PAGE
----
Yorkshire’s beautiful landscapes have so much to offer, particularly those off the beaten track – or those at the county’s extreme edges. A walk through these wild places provides invigorating exercise for the heart, body and mind.
Spurn National Nature Reserve (or ‘Spurn Point’, as it’s known to many), is one of these iconic landscapes. It’s a natural wonder and fine example of a longshore drift, straight from a geography textbook, whereby over thousands of years, sand and gravel have been eroded from the coast and moved south by the tides. Today, Spurn is a sandy peninsula jutting out 3.5 miles from the Holderness Coast into the mouth of the Humber Estuary. Cars could once travel all the way down this sandy strip, but after a major storm surge in 2013, this journey can only be made by foot, bike or aboard Yorkshire Wildlife Trust’s Spurn Safari vehicle.
In this blog post, Yorkshire Wildlife Trust share their top tips for walking at Spurn. Not only is it one of Yorkshire’s most wildlife-rich landscapes (and one of the best places in the UK to see migratory birds), but the peninsula is also steeped in maritime and military history. You can, in fact, climb to the top of the tallest lighthouse in Northern England or explore excavated World War Two tunnels (see our website for opening times). Follow in the footsteps of brave soldiers, lifeboat heroes and wildlife conservationists as you discover this unique and ever-changing place.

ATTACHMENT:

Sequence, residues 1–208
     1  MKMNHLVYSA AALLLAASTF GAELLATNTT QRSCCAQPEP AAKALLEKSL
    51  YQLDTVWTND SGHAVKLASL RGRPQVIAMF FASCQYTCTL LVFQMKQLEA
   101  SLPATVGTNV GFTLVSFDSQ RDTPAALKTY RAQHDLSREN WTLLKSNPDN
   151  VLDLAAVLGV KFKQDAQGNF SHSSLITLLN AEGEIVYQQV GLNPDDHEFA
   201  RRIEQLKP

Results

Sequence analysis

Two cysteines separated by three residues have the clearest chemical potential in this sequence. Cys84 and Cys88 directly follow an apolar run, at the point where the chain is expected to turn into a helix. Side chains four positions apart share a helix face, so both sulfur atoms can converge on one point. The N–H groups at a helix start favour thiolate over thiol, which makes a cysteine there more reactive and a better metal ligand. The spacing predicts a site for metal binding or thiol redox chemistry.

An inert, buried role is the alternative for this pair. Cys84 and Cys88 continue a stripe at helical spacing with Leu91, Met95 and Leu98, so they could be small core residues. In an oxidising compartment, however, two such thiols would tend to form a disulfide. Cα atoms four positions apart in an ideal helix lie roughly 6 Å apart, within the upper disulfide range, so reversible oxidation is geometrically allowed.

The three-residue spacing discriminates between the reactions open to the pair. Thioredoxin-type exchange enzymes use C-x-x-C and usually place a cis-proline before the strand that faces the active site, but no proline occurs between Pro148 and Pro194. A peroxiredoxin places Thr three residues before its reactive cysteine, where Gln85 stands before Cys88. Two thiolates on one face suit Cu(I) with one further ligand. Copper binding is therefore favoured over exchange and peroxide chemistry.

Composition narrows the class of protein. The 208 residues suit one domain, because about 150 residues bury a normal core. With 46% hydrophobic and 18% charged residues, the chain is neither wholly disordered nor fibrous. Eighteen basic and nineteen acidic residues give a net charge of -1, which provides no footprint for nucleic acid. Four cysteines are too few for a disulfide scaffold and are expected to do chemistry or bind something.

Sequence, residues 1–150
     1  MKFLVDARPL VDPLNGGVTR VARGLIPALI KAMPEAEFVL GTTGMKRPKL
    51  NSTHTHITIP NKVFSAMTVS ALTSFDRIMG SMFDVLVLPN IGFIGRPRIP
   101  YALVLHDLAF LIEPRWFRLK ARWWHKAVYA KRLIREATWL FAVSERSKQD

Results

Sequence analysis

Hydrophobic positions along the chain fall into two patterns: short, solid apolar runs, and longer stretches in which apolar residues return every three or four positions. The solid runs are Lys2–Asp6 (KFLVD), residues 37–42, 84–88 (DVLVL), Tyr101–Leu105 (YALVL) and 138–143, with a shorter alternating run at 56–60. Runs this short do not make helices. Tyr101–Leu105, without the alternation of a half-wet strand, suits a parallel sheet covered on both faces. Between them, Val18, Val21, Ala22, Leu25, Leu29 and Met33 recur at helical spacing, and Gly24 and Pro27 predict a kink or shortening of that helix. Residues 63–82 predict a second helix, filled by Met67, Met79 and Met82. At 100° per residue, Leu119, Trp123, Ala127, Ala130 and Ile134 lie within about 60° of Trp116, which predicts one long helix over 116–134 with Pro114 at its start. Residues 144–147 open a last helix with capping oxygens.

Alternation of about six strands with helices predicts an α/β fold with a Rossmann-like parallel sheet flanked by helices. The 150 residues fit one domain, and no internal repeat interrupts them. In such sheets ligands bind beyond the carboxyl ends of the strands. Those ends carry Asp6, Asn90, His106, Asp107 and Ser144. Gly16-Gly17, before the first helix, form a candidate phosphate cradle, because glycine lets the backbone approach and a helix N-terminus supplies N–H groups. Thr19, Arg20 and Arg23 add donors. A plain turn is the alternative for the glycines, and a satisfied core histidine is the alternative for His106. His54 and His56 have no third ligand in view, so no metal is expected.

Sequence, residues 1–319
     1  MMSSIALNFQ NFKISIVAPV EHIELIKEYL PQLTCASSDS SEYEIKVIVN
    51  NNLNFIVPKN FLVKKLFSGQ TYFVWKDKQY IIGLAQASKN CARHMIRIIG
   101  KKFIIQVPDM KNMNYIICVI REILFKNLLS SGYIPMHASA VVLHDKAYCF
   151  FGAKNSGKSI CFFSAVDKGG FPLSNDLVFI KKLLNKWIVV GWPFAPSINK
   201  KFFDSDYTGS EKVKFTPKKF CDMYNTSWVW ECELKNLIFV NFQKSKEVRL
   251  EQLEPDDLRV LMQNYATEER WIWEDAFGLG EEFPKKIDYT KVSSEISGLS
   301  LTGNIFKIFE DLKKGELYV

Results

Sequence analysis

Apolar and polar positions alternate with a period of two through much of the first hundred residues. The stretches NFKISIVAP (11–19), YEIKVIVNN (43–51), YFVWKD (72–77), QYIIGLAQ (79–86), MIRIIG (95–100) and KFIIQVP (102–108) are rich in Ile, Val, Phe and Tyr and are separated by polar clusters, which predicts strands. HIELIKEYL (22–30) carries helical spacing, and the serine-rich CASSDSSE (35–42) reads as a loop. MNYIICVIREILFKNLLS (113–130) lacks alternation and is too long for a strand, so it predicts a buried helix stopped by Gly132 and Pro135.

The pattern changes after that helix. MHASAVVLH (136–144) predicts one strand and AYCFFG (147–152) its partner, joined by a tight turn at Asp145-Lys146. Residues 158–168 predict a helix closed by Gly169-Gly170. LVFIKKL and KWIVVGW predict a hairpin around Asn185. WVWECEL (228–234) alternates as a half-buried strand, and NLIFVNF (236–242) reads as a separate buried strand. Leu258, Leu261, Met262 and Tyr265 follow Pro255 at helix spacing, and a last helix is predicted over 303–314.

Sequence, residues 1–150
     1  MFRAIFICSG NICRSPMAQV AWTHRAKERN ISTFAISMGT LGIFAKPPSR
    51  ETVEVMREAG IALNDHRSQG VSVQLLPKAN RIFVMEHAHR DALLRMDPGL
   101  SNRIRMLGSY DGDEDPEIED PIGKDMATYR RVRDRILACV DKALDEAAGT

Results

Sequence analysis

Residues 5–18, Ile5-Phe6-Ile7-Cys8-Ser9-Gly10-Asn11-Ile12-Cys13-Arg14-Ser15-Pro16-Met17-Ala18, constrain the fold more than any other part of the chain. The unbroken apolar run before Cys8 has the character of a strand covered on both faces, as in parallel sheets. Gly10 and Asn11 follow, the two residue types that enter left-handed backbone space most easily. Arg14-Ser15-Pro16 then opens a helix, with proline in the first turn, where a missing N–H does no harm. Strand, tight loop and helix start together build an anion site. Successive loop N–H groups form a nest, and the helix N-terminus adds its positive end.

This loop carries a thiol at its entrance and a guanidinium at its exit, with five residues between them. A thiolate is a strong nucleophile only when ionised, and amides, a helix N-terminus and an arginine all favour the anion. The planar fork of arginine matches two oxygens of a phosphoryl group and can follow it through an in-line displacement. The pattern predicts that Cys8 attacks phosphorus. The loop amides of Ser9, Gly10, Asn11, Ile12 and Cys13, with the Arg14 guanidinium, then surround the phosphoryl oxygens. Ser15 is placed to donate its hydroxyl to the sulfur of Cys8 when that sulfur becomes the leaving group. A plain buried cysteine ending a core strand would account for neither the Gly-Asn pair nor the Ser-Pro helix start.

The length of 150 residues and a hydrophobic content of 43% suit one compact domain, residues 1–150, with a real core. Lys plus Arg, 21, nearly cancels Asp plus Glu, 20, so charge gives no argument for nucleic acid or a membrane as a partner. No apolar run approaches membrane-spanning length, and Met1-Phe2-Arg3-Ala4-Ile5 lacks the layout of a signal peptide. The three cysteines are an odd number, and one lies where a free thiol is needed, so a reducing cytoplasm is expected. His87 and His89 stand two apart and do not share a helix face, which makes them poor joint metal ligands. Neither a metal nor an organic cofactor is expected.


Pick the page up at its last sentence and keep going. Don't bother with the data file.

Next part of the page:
Visit here to find out more: https://www.ywt.org.uk/blog/andy-mason/walking-spurns-very-own-lands-end
Why not join us for a 10km guided walk to Spurn Point and back again on Sunday 18th July, 10am – 2pm?
Join our expert guide for an epic journey to Spurn Point and back again! May tales of Spurn’s maritime and military past enlighten your way, as well as some top wildlife spotting tips. You’ll also receive a special certificate to celebrate your achievement!
Please visit our events page here for more information and to book your place!
Yorkshire Wildlife Trust is the only charity entirely dedicated to conserving, protecting and restoring Yorkshire’s wildlife and wild places.
To help protect our wildlife and wild places please:
–Follow the latest government guidance on social distancing
–Follow any signage on site
–Stick to the paths and trails, and check if dogs are welcome or need to be on a lead.
–Take your litter home, as it’s harder for us to empty bins regularly.